One New Thought, Daily
Writer: John McLaughlinArt: Mick ReinmanLetters: Troy PeteriPublisher: Arcana StudiosReviewed By:  Jake Watt for Geekality

Bill Paxton, the actor whose film and TV work includes such personal favs as, oh… Aliens, Near Dark, Frailty, A Simple Plan, and Big Love (to name but a few) has produced a new graphic novel, entitled “7 Holes for Air”, written by John McLaughlin and illustrated by Mick Reinman.
In a July interview with Crave Online, Paxton said “I’m hoping to eventually direct it as a film, but I love the story so much and the screenplay, I wanted it to exist on some level. So the graphic novel serves a few purposes for me. It’s a chance to get the story out where people can enjoy it, even if it never becomes a film, but hopefully if it does become a film, it’s a great backbone in terms of my art department and my storyboards.”
The story focuses on Bob, a 50-year old taciturn blue collar steelworker whose reality oscillates from his everyday existence into a Spaghetti Western where he is a tough cowboy straight from the pages of a Zane Grey novel. When an unforseen event impacts his life, Bob’s tight-knit family rallies around him in support as the adventures of his Spaghetti Western alter-ego get darker. Think Tarsem Singh’s 2006 adventure fantasy film The Fall by way of DC Comics’ Jonah Hex.
“7 Holes For Air” began as a film script Bill Paxton was eyeing to star in before he pitched the idea as a graphic novel, and it’s evident in John McLaughlin’s writing. From the opening pages, where the reader tries to puzzle how the two universes are intertwined, to the surprisingly touching ending, it’s a very “cinematic” read. The dialogue, particularly in the case of Bob and his wife Lisa, really gives you a sense of who these characters are. Bob is the hard-drinking, hard-talking tough guy, and Lisa is the level-headed one who loves Bob despite his gruffness.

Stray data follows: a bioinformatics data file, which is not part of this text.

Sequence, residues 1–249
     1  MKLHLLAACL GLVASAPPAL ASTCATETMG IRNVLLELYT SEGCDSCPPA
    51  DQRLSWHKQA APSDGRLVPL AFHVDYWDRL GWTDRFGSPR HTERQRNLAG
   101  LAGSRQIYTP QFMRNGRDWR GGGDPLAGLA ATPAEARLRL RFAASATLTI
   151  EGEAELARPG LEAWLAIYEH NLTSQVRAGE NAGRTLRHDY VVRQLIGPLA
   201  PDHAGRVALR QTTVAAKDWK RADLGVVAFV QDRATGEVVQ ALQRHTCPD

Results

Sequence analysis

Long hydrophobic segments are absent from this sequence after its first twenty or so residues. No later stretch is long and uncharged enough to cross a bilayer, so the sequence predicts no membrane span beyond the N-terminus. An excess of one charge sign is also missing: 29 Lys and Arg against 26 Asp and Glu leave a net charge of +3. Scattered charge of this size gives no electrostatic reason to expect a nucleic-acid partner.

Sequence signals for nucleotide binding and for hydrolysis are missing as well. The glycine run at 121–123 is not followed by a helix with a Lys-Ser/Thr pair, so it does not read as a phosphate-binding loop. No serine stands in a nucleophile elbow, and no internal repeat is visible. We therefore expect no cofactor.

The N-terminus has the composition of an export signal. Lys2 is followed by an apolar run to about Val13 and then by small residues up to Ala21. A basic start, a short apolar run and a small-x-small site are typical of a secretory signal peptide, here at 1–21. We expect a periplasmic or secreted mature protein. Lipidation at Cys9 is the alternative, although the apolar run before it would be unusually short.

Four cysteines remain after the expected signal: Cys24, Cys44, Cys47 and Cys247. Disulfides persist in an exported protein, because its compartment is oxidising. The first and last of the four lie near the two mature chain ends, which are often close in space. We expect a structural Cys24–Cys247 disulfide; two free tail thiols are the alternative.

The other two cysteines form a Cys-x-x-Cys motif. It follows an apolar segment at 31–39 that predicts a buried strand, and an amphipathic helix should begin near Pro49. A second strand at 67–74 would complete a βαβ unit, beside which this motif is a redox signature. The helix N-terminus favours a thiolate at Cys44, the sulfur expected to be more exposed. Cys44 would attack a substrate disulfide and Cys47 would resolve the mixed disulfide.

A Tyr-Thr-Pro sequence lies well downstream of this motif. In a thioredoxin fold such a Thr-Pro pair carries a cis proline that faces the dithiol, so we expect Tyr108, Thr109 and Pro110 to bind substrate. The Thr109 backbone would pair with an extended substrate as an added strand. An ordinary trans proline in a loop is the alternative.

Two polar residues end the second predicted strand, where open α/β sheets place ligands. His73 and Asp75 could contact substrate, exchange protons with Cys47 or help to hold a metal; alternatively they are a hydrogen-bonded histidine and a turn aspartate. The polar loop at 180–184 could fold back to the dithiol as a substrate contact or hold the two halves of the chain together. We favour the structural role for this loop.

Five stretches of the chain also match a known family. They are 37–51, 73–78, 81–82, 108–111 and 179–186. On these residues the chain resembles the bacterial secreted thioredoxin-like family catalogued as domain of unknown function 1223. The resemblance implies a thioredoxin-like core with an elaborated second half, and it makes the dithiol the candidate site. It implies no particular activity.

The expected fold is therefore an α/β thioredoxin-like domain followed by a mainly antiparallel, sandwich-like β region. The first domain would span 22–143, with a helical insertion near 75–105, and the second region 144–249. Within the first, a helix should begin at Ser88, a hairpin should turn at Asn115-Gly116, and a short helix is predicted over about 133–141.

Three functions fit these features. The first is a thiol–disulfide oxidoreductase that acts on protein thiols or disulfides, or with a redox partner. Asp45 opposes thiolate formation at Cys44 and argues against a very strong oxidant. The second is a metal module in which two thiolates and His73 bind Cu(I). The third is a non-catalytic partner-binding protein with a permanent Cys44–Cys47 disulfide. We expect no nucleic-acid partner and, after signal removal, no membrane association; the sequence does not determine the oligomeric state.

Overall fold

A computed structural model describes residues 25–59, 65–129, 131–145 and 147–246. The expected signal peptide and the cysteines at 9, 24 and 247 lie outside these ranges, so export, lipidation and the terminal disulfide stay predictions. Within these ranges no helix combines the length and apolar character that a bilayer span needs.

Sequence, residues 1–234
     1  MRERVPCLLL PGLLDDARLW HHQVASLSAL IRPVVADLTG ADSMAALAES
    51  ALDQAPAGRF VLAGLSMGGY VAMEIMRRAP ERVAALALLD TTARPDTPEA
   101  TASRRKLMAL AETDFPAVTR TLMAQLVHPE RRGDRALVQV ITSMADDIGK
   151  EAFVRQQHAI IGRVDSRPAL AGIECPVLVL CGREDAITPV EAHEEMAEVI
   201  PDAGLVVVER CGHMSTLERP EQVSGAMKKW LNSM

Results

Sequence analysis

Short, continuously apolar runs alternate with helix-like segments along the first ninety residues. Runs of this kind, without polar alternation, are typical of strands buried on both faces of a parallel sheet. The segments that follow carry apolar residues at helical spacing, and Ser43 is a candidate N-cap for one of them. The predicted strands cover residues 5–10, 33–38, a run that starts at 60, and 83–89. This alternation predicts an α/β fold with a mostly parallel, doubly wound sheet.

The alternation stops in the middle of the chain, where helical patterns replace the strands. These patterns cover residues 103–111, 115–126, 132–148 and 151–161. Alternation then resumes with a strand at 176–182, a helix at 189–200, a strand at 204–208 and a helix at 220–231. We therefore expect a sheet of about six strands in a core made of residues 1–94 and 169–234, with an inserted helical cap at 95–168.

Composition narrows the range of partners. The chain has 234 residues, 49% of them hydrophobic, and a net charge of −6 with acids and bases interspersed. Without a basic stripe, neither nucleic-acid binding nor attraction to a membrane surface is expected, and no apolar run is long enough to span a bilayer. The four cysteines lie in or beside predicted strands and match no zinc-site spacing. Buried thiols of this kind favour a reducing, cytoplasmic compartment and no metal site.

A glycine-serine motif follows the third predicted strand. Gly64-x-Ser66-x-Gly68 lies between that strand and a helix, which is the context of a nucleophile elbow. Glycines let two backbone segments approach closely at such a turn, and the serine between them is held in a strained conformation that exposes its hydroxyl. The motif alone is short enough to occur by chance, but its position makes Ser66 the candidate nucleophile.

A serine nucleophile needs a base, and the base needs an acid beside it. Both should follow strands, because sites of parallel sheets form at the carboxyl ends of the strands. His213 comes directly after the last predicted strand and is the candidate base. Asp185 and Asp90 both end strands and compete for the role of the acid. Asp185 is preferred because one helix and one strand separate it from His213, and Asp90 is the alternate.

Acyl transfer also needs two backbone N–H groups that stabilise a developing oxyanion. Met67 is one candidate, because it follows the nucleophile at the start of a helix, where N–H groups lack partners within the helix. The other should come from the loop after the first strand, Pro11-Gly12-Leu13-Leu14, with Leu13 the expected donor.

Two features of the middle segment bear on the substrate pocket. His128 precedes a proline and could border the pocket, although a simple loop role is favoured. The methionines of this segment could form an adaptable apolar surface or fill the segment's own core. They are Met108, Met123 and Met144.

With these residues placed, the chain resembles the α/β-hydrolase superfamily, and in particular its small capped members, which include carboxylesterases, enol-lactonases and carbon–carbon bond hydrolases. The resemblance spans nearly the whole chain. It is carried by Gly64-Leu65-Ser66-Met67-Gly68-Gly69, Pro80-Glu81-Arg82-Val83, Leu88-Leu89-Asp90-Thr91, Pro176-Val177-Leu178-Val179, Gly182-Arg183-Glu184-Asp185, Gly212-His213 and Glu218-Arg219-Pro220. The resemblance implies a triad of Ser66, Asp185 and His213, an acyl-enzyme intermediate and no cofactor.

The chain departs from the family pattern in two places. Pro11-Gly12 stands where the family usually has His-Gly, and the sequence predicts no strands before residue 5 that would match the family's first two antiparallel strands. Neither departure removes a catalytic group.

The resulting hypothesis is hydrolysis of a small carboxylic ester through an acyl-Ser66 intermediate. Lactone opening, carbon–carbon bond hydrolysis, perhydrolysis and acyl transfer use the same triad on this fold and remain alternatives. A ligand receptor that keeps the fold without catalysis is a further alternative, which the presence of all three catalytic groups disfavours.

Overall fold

The comic features an omniscient narrator, sharing blunt observations like “Lisa’s eyes are heavy with sleep, while she pours coffee for herself and grabs a bowl for Bob”. The narration could have used some tightening for the graphic novel format, as it sometimes becomes too heavy-handed and unnecessary. For example, the reader can see Lisa is watching Bob from inside the car, so we don’t need the additional “She watches him for a while from inside the car” caption. Less can be more, and it’s these instances where the art should be able to breathe and convey what is happening on the page.